Western Goats Beard/ Yellow Salsify
Res #: 25-22M
Responses Received: Yes
Departments: Saskatchewan Ministry of Agriculture
WHEREAS ratepayers have expressed concerns that the Western Goat Beard/Yellow Salsify spreads and seeds all summer.
WHEREAS hand pulling or cutting via mower still leads to the spreading of seeds.
WHEREAS spraying a pasture with 2-4D leads to a period of approximately 40 days before cattle can return to the pasture.
WHEREAS Western Goat Beard/Yellow Salsify is classified as a noxious weed in Alberta, British Columbia, Manitoba and Ontario.
WHEREAS declaring the Western Goat Beard/Yellow Salsify as a noxious weed would give the Weed Inspectors more clout to minimize the impact or harm that it produces.
BE IT RESOLVED that SARM lobby the Ministry of Agriculture to declare Western Goats Beard/Yellow Salsify as a noxious weed.
Responses From: Saskatchewan Ministry of Agriculture
January 18, 2023
Yellow Salsify (Tragopogon dubius) is widespread across Saskatchewan but because it is spread easily by wind it qualifies to be designated as a Nuisance Weed under The Weed Control Act. Designation as a Nuisance Weed would allow a municipality to respond to complaints about this species. Meadow goat’s-beard (Tragopogon pratensis) is already listed as a Nuisance Weed but because it is not well distributed in Saskatchewan it would be appropriate to change its designation from Nuisance Weed to a Noxious Weed. The Minister’s Order Designating Prohibited, Noxious and Nuisance Weeds is currently under review and is planned to be updated in time for use in 2024 and these changes will be considered. As a note of process, the municipality sponsoring this resolution has not appointed a weed inspector since 2019. This appointment is required to enforce any weeds under The Weed Control Act.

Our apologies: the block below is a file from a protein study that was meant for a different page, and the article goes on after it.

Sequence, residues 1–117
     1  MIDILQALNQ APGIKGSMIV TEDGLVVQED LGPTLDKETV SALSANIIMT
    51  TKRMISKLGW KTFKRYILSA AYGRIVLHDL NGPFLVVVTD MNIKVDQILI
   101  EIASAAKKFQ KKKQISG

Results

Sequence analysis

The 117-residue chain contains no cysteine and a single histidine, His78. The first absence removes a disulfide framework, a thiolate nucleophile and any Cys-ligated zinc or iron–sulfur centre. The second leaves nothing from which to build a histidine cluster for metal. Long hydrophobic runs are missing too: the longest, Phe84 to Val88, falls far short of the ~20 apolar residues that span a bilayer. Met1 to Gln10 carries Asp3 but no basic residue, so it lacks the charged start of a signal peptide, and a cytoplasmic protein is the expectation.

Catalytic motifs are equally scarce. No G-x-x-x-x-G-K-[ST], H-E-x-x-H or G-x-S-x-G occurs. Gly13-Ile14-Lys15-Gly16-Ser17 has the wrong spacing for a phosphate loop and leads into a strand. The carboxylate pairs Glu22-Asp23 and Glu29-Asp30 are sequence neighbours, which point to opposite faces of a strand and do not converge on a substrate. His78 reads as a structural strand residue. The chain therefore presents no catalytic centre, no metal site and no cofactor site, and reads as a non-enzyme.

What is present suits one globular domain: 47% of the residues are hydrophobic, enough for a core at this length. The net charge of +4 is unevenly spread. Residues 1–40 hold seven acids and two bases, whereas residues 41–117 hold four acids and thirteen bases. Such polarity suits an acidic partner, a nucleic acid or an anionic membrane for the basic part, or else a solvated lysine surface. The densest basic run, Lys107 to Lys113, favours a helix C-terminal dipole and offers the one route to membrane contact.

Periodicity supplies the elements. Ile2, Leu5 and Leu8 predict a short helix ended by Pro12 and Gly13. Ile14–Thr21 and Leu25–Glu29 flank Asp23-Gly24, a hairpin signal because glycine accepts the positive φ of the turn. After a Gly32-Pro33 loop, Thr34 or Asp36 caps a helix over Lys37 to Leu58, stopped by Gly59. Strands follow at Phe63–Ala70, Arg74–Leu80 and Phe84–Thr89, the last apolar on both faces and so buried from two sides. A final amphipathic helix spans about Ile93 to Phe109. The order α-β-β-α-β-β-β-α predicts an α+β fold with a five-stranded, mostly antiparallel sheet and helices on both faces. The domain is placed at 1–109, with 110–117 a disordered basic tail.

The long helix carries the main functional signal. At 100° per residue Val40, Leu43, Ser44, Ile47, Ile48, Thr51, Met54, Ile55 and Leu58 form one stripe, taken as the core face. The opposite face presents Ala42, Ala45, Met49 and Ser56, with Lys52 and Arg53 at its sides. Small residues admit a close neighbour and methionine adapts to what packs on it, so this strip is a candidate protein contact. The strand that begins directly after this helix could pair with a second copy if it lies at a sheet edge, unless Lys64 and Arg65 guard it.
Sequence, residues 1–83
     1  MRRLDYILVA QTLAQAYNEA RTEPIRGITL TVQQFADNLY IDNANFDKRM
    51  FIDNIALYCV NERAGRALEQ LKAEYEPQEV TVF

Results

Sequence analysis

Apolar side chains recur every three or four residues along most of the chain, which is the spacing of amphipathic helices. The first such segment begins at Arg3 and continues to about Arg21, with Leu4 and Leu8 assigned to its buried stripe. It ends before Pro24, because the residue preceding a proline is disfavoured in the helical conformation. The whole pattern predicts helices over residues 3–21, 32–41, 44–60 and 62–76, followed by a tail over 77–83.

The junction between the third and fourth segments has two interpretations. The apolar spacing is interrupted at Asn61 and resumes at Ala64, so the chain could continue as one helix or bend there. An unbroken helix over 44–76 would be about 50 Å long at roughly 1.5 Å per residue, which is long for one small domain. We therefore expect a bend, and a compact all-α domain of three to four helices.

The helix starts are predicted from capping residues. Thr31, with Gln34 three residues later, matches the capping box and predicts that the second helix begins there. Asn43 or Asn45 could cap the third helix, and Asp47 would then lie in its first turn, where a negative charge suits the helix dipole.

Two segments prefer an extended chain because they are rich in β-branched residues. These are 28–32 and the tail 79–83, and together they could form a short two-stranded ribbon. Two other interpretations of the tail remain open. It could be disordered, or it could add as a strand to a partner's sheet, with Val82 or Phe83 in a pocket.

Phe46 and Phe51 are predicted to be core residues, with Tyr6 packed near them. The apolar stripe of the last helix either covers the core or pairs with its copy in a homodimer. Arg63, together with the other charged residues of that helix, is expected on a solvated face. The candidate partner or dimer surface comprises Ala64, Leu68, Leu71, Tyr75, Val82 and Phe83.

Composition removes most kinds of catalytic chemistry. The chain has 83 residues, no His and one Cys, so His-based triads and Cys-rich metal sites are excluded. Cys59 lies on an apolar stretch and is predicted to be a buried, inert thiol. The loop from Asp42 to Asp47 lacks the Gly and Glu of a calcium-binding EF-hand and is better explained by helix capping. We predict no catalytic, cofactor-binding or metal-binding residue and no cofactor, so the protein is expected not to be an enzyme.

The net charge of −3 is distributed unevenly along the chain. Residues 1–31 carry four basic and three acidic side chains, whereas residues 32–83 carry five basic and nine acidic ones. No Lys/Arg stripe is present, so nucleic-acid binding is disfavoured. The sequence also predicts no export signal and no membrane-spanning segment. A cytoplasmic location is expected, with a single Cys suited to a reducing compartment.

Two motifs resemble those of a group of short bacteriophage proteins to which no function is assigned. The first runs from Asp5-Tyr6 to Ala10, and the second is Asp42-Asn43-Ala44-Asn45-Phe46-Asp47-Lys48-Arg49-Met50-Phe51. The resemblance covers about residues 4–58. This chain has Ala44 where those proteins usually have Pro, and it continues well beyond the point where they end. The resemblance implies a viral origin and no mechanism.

The Honourable David Marit – Minister of Agriculture, Saskatchewan Ministry of Agriculture